Proposed Trump Budget Cuts: Will They Affect Solar?

May 25, 2017

There is expected to be a new release from the White House pertaining to budget cuts proposed by President Trump. These cuts span multiple disciplines and entire markets, but one budget area in particular would be slashed significantly if the cuts are approved: renewable energy research.

The new energy budget cuts would substantially reduce the amount of federal money going to organizations like the National Renewable Energy Laboratory located in Golden, Colorado. NREL and its governmental sister, the Office of Energy Efficiency and Renewable Energy (EERE), would together face cuts amounting to 50% less than what they have been receiving under prior budgeting programs under the Obama administration. The reason this is important is because organizations like NREL and the EERE are responsible for funding and managing research projects that enhance renewable energy technology, and this includes solar and wind energy production technology.

Some of the most advanced methods of harnessing the sun can be leveraged by the common consumer thanks in large part to the work done by NREL and similar organizations. So what do these new budget cuts mean for residential and commercial solar power generation system installers like Urban Solar? Firstly, it’s important to note that the cost of solar power for residential customers, in particular, is probably not going to go up as a result of these cuts. If anything, we’re more likely to continue seeing a trend of lowered cost-of-ownership figures for solar power. Even though this downward trend may not be as pronounced with these cuts as it could be otherwise.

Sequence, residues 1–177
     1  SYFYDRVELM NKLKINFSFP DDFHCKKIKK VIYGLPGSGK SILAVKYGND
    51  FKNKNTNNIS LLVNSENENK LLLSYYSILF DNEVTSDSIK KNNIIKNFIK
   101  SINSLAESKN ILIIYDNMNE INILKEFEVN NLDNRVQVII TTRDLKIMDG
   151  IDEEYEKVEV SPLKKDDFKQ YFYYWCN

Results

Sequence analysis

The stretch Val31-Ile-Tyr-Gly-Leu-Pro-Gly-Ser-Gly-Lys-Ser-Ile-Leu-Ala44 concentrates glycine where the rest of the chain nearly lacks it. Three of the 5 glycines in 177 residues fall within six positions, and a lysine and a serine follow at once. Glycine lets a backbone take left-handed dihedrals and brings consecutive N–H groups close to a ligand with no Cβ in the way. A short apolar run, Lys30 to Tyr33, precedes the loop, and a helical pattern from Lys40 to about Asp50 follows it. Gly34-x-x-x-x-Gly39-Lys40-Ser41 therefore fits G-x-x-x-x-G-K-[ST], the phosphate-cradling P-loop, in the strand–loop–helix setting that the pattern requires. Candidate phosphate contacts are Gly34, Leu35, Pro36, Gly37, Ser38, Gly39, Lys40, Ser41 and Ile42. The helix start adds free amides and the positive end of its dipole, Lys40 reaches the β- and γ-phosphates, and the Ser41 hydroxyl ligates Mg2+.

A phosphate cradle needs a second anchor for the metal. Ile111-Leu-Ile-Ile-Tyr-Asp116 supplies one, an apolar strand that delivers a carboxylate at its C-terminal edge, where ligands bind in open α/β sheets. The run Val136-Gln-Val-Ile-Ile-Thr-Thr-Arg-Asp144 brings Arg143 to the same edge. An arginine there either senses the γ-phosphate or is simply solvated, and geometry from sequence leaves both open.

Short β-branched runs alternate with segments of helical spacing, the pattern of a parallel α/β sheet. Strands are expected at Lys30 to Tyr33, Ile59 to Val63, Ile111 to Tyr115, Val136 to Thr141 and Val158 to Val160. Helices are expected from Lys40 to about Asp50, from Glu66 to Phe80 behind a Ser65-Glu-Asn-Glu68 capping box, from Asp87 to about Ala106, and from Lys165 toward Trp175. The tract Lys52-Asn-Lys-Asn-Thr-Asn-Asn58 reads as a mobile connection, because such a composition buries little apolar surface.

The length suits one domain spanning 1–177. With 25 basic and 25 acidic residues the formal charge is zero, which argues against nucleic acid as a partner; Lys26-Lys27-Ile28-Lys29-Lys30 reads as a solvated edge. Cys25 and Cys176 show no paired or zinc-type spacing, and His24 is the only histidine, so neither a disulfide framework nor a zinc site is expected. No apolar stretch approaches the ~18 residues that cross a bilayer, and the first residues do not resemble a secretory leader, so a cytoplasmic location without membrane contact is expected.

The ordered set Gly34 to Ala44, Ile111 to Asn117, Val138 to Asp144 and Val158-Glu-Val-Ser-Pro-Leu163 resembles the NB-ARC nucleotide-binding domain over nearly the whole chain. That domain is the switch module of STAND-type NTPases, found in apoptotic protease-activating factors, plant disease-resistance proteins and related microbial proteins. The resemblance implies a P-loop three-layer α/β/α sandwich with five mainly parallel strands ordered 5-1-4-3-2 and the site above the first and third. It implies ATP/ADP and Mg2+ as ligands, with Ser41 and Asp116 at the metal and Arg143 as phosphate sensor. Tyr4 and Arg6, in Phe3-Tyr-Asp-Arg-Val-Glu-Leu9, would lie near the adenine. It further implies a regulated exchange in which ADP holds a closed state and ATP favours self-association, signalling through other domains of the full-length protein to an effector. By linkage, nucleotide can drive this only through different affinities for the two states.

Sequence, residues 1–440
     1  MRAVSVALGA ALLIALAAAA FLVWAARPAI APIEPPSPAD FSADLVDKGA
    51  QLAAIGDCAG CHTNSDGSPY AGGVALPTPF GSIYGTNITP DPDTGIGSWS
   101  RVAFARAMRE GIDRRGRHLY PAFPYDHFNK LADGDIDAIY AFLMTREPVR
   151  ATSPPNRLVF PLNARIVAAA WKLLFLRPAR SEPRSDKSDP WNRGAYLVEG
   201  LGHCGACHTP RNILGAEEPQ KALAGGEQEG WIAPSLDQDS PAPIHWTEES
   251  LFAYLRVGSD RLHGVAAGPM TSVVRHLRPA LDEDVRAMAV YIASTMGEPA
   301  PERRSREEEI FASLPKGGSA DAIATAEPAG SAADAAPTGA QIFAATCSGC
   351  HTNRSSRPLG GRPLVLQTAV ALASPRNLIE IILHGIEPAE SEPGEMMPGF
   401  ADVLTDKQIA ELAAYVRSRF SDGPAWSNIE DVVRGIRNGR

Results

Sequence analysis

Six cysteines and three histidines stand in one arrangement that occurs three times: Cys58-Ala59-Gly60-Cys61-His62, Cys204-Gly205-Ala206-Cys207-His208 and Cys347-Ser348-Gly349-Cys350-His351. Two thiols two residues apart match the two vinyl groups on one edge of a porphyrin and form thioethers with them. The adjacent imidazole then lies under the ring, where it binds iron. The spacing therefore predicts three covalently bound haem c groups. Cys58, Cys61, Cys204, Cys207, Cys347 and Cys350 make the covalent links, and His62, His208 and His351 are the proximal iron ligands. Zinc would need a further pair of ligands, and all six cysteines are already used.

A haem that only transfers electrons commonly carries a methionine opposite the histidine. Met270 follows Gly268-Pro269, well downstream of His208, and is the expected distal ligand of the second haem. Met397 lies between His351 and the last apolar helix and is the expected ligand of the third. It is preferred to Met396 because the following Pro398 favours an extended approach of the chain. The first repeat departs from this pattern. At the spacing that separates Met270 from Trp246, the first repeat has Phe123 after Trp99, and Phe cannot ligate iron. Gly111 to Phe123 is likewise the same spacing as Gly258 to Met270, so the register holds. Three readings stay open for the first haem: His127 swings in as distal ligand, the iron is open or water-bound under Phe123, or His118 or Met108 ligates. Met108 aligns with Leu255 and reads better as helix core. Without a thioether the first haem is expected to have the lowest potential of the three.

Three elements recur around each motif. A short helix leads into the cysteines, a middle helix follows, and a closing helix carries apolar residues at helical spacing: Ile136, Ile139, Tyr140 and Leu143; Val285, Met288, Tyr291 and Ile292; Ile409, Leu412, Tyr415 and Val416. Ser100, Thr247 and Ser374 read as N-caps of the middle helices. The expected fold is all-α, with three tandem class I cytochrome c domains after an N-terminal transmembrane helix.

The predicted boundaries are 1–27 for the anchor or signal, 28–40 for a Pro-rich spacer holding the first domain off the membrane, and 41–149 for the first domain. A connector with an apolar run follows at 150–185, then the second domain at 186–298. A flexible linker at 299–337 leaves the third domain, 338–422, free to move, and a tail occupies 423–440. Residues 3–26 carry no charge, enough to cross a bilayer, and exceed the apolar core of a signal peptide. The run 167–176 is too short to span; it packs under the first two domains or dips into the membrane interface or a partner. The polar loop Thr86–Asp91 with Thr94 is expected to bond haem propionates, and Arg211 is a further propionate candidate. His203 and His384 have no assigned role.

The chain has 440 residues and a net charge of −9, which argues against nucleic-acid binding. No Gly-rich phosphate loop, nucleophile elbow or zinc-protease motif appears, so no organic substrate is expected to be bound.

The fact is that solar power systems use fairly commodified construction materials – silicon, aluminum, steel, wiring and basic inverter/controller hardware. The costs of these materials aren’t likely to go up because of renewable energy research cuts. If anything, the effects we’ll see as a result of these cuts will take years to flesh out. Development of ‘latest and greatest’ solar cell technology is likely to slow down, as the NREL and EERE organizations try to find leaner ways of doing their work. There will also probably be fewer jobs available in renewable energy research, but this economic impact isn’t likely to reach as far as residential consumers, unless they themselves happen to be employed in the industry.

There’s always more work to be done in coming up with better ways to live independently and cleanly, especially in regards to respecting our environment. Urban Solar is your partner for designing and installing solar energy systems that last – contact us today to learn more about how you can benefit from the sun’s energy. A free energy assessment is all it takes to begin the process!